Chapter

Chapter Three

Alan C. Bowen and Robert B. Todd

in Cleomedes' Lectures on Astronomy

Published by University of California Press

Published in print January 2004 | ISBN: 9780520233256
Published online March 2012 | e-ISBN: 9780520928510 | DOI: http://dx.doi.org/10.1525/california/9780520233256.003.0012
Chapter Three

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This chapter discusses that the Moon, other planets, and stars are not the size they appear to be. It illustrates that the Earth's shadow is neither funnel-like, nor cylindrical. The notion that the Moon too is not the size that it appears to be is caused by the eclipse of the Sun. That is because the Sun is eclipsed only when the Moon passes under it, and obstructs the line of sight; a solar eclipse, in other words, is a condition affecting not the Sun, but the line of sight. The Moon does appear large, in fact equal in size to the Earth, and larger than the other heavenly bodies, when in reality it is smaller than they, since it is closest to the Earth of all the heavenly bodies, and thought to be located right at the junction of the air and the aether.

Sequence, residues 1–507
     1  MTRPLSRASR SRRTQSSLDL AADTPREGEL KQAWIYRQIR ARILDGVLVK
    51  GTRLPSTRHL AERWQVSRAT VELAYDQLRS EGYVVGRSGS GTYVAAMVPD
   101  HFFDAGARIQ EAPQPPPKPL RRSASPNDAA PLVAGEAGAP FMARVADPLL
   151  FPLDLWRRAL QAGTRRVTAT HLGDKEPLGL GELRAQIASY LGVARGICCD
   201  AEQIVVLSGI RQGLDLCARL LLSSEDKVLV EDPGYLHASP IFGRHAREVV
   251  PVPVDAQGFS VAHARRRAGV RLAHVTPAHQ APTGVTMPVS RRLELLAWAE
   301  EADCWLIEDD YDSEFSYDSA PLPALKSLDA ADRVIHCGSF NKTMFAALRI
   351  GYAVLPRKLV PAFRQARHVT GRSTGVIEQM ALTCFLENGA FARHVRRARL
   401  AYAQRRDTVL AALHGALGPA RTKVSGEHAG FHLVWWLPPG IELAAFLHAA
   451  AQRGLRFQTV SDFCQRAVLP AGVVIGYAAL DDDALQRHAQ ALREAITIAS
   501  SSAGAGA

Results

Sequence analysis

Keywords: Moon; heavenly bodies; Earth; Sun; solar eclipse; air; aether

Chapter.  2424 words. 

Subjects: Classical Philosophy

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